“Basically, I had to make the decision of where I wanted to go and what I wanted to do,” she says over a lunch of tossed salad topped with grilled chicken by a poolside cafe at Saddlebrook Resort. “Was I going to be in limbo like this all the time and fell like I was going nowhere, that I was just kind of lost, trying to make it back but still not being 100 percent sure. But I didn’t want to give it up completely. I wasn’t happy that way. So I just said, ‘Well, I’m either going to try and do it the right way or not do it at all.’ Because deep down inside, I always wanted to come back and play tennis.”

Capriati’s first step was to call Solomon, with whom she’d worked briefly in 1996 and again in preparation for the ’97 US Open. But Solomon had worked Capriati hard, driving her to the point of exhaustion before advising her to either dedicate herself to the sport or find another line of work. She had responded by sulking, her already fragile ego taking yet another beating.
In December 1998, Stefano called Solomon. His response? “If Jennifer wants me, it’s got to come from her.” By then, Solomon had all but decided to give up coaching (he’d worked Mary Joe Fernandez and Jim Courier, among others) and move his family from Ft Lauderdale to Colorado.
Three months later, his phone rang. “We talked for two hours,” says Solomon, “but Jennifer had me in the first 15 minutes. She said, ‘I’m willing to work really, really hard,’ and I knew she had turned her life around. She’s a wonderful athlete, so gifted physically, and she has the ability to hit the ball so hard. All of the coaches she’s had have given her great fundamentals. She just needed to believe that she was as good a tennis player as anybody in the world.”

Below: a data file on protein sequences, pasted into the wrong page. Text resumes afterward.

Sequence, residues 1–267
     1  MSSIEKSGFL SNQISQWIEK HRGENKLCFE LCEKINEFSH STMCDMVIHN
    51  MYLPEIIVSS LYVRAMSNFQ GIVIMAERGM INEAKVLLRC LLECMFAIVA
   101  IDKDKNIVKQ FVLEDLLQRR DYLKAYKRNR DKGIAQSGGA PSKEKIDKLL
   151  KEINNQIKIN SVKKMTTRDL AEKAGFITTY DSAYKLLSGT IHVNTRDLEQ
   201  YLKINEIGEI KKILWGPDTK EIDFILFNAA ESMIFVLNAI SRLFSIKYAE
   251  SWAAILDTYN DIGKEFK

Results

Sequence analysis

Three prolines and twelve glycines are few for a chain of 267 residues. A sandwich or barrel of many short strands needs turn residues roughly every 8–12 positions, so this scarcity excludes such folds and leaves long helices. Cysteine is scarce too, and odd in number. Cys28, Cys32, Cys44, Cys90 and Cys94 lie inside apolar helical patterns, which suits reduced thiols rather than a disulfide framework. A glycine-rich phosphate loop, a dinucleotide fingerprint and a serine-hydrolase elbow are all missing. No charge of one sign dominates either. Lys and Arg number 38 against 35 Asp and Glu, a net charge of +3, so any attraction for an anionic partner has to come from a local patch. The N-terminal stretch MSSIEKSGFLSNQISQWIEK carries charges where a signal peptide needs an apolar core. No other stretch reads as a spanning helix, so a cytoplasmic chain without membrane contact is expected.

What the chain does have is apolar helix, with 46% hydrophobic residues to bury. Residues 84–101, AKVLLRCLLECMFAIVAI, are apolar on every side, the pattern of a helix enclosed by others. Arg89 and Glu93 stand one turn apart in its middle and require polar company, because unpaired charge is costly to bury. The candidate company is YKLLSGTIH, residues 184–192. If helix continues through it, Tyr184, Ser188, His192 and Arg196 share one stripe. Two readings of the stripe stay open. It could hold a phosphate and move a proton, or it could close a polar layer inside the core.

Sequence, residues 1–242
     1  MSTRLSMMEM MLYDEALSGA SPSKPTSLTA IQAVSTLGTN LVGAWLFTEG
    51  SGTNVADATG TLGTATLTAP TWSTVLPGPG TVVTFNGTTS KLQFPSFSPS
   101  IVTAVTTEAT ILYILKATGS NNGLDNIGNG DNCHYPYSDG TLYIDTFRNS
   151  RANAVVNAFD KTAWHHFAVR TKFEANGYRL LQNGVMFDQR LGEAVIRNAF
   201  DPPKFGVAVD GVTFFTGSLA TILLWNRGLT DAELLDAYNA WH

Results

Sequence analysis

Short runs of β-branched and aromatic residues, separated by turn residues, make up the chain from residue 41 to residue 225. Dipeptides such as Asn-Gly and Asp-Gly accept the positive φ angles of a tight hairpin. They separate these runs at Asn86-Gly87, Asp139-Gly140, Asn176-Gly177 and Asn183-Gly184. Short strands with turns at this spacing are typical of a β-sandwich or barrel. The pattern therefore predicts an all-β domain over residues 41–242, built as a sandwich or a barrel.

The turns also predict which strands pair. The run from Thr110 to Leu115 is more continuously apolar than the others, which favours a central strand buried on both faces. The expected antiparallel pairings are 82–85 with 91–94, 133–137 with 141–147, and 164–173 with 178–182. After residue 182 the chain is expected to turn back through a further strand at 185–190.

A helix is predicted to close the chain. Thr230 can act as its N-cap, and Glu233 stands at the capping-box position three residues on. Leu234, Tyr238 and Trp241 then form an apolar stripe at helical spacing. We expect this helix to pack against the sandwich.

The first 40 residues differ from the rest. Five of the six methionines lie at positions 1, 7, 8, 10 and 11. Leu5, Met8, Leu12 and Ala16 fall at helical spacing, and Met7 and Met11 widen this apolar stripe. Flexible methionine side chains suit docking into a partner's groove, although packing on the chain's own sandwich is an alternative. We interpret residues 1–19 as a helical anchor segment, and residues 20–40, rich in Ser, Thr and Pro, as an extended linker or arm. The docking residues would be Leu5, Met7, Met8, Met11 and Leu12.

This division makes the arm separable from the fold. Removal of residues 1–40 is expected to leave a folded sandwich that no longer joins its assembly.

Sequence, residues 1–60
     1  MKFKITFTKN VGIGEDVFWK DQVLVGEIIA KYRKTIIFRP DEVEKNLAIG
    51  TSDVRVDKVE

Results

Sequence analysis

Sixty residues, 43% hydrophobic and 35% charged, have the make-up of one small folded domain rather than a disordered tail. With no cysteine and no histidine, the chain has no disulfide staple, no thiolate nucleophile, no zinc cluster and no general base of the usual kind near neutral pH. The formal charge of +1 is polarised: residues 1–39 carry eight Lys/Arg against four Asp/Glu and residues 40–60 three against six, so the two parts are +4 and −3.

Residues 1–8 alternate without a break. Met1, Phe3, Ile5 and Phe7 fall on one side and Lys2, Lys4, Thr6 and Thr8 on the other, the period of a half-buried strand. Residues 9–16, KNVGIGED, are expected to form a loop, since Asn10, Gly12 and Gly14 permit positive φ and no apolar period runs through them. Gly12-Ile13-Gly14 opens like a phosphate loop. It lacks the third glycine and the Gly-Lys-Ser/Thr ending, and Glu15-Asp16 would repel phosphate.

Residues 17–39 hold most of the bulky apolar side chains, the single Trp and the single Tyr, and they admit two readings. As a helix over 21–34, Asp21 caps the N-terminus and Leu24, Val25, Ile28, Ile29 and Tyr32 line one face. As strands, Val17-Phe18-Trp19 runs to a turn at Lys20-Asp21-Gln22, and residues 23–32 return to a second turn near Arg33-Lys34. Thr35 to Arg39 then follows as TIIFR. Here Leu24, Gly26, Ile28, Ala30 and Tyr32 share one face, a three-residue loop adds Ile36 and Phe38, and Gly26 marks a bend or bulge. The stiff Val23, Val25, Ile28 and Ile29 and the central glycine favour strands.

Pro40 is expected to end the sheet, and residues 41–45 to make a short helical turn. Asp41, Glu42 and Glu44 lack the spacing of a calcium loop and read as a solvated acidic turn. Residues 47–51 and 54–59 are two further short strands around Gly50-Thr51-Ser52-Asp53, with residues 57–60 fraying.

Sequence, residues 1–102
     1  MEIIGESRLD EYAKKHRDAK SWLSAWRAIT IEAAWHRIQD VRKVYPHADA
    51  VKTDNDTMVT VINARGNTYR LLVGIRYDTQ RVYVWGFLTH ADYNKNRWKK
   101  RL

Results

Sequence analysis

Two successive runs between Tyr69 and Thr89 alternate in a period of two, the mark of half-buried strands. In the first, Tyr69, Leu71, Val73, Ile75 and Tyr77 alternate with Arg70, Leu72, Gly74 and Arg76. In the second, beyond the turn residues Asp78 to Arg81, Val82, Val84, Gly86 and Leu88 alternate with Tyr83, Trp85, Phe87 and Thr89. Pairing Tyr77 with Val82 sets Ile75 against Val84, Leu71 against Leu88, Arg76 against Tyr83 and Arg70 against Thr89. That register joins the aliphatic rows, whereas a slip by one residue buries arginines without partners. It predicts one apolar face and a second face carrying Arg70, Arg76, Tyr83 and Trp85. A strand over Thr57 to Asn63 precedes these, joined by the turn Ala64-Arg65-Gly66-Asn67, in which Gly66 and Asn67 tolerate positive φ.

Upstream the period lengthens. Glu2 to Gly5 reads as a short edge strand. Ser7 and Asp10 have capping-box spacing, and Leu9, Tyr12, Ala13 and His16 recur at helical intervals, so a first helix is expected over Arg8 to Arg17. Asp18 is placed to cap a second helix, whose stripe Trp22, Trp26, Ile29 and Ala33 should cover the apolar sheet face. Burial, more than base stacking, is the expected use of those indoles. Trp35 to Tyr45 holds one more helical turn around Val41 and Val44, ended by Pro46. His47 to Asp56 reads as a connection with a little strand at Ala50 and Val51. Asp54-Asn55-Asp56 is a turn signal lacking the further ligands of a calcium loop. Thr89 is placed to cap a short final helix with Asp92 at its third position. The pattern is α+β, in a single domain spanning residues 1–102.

Solomon began coaching Capriati on a four-to-five-week trial basis for free (his terms). A major component of their deal is that one day a week, Capriati must plan the entire day’s workout. She may not like the added responsibility, Solomon says, but he feels it teaches her leadership and promotes a cooperative work environment. In the off weeks, Capriati still works out with Brown at Saddlebrook, an arrangement that’s paid for by the resort. As Kevin O’Connor, Saddlebrook’s vice president of sports, puts it, “We’ve stayed behind Jennifer through thick and thin. We feel that it takes a village to make a player, and we’re Jennifer’s home crew.” O’Connor estimates the resort’s contribution at $30,000 to $50,000 annually.